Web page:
Reprise

Ken Forman and Tara Westwood. Photo by Leandro Badalotti.

By Massimo Iacoboni

A sensitive man, if deprived of love and sex, will become a creep and a jerk. A woman looking for love, if beautiful, will find it all but impossible not to flirt with every man she meets.

In Eric Maierson’s new play, Reprise interactions between men and women are loaded with sexuality, and if you snooze, you lose: being the good guy is only going to make you lonely. If you are a beautiful woman, on the other hand, your personal identity is defined by how proficiently seductive you can be. It is a grim view of heterosexual interpersonal dynamics, but is there something to it?

Michael (Ken Forman) lives in a drab apartment whose decor is a reflection of his personality: stuck in the past. He jokes that his furniture is going to look hip again anytime soon, but doesn’t really believe it.

A simple soul, and not exactly a shining example of the American Dream, Michael plays the guitar at children’s parties and does menial office work to make ends meet. He is single, but on this particular night he’s waiting for an old flame to show up at his place, after an absence of several years. Not that they ever had an affair, mind you. Erin (Tara Westwood) is an extravagantly beautiful woman Michael has had a crush on for most of his life, or at least since they were in college together, some 24 years ago.

Erin, now married and living elsewhere, has called to say she is in need of a place to stay, after her plan to spend the night at her brother’s has gone unexpectedly awry.

Michael’s friend Leonard (Sean Patrick Folster), a Russian emigre who looks and sounds like a cartoon character, is keeping him company before Erin arrives. He lectures Michael on how to treat women with language as subtle as Donald Trump’s on an Access Hollywood bus: a self-described “vaginal slayer,” Leonard is the unapologetic, comic book version of the lewd Russian mafioso, the kind who, after shaking your hand, would make you run breathlessly for the nearest dispenser of Purell.

“Locker room talk” doesn’t even begin to describe the dialogue in the play’s beginning scene, which might nevertheless make you smile through very gritted teeth. It’s as broad as humor gets, and it makes for rather juvenile comedy. Michael endures it amicably, but he has no choice. The New York theatre public does.

Leonard finally departs, and the beautiful Erin arrives. Ms Westwood, a former model, brings as much emotional depth to the role as she would to a skin care ad. Not that she is given much to work with, for Erin has evidently no personal accomplishments nor biographical details worthy of Mr. Maierson’s time. Her character exists only in relation to Michael’s lust, to the men she dated while in college, to the men she fantasizes about, to her dad who used to play-spank her when she was a child and finally to her husband who, we are informed, “likes to leave his seed around the house.”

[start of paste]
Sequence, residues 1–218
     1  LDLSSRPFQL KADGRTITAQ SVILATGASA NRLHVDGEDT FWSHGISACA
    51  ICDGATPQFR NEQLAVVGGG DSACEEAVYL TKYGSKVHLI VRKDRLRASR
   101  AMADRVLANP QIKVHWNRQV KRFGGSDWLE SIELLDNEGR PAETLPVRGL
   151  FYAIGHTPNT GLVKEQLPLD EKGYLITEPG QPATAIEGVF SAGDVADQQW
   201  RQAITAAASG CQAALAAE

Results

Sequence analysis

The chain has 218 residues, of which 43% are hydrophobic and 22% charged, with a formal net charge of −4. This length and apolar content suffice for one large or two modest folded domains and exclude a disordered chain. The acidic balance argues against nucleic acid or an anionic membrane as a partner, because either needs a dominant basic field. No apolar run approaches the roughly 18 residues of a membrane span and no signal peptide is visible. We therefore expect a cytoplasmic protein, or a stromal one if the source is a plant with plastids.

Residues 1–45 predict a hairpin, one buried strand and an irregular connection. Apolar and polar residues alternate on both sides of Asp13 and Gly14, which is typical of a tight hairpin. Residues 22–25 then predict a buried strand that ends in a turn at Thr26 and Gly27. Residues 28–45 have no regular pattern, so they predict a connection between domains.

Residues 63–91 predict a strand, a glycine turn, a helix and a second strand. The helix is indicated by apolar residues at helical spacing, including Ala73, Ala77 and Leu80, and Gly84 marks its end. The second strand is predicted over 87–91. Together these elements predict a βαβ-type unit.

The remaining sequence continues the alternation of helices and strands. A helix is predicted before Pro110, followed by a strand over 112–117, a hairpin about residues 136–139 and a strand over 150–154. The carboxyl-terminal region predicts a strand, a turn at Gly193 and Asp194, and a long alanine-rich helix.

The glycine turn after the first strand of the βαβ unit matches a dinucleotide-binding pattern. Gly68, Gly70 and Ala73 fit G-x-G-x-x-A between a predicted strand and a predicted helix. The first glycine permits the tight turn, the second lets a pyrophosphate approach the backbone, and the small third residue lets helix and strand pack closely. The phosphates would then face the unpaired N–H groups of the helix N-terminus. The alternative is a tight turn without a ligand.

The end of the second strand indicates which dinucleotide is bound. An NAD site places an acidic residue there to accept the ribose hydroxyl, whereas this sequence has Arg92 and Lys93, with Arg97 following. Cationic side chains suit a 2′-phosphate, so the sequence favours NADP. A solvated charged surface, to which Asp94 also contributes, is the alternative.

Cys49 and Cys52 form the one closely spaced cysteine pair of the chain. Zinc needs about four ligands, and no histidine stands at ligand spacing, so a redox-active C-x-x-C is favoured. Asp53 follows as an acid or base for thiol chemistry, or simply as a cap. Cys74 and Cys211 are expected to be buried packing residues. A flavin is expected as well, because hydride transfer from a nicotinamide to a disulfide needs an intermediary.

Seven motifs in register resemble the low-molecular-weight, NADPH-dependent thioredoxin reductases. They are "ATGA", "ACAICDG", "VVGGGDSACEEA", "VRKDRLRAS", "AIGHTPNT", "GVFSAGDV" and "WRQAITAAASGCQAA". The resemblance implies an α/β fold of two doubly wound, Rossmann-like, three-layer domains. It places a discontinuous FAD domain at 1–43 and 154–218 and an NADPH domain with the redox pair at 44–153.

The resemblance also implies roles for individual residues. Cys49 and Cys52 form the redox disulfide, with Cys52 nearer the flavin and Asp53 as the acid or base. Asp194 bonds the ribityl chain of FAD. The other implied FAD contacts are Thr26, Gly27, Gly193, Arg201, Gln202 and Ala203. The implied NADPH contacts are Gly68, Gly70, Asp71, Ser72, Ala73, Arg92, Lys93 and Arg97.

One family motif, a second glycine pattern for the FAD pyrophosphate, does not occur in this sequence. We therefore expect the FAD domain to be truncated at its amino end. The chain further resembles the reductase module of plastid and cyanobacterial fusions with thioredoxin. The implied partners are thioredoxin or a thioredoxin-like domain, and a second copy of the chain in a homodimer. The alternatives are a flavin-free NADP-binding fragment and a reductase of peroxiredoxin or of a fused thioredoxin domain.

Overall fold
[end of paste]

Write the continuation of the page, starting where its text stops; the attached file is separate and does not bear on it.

And if that weren’t enough to make you cringe, Erin, who has absolutely no intention of sleeping with Michael, nevertheless flirts with him unabashedly. What else do women do? She gets undressed in front of him to change into another dress, but bids him “no peeking”. She sashays about the apartment while casually dropping the news that her husband no longer enjoys oral sex. She coyly leans on Michael’s shoulder, later to inform him that she is not above having extra marital affairs. And yet she rebuffs each of his advances.

Needless to say, Erin’s knees start giving way when “vaginal slayer” Leonard comes back to the apartment and gives her a stern talking to, presumably with the intention of softening her resolve not to sleep with Michael.

It is the kind of scene that makes you shift uncomfortably in your seat. Every possible thread of dramatic coherence unravels as Leonard manhandles and threatens Erin, she only half-resists him while Michael, revealing himself devoid of a moral center, teeters between passivity and sexual aggression. It is hard not to feel anything but contempt for each of these characters.

REPRISE Written and Directed by Eric Maierson.

With Ken Forman, Tara Westwood and Sean Patrick Folster.

Monique Vukovic (assistant director), Josh Iacovelli (scenic design/ production manager), Daisy Long (lighting), Dustin Cross (costumes), Charles Casano (stage manager), and Alice Hakvaag (assistant stage manager).

Through June 11, Thursday through Saturday at 8 p.m. and Sunday at 3:30 p.m. Paradise Factory Theater is located at 64 East 4th Street, between Second Avenue and Bowery – accessible from the F at Second Avenue. Tickets are $20, available at 212-352-3101 or www.repriseplay.com.

Author: Massimo Iacoboni

Massimo Iacoboni, a native of Italy, is a veteran of Rome’s Teatro Immagine, an experimental theatre movement of the 1970s. He debuted on the New York stage in 1977 at La MaMa, appearing in Locus Solus, a production based on Raymond Roussel’s novel by the same title. In 1978 he directed the absurdist play ‘The difficulty of being homosexual in Siberia’, a rewriting of ‘L’Homosexuel ou la difficulté de s’exprimer’ by the French-Argentine humorist Raul Damonte Botana (known as Copi). More recently, he appeared at the Whitney Museum of American Art in New York City in ‘Collecting Injustices, Unnecessary Suffering’ by Jill Kroesen, part of the Whitney Museum Performance Program. He is also featured in video artist Terri Hanlon’s experimental documentary Meringue Diplomacy, based on the life of 18th century French celebrity chef Marie-Antoine Caréme. Massimo has lived in New York City since 1980. 

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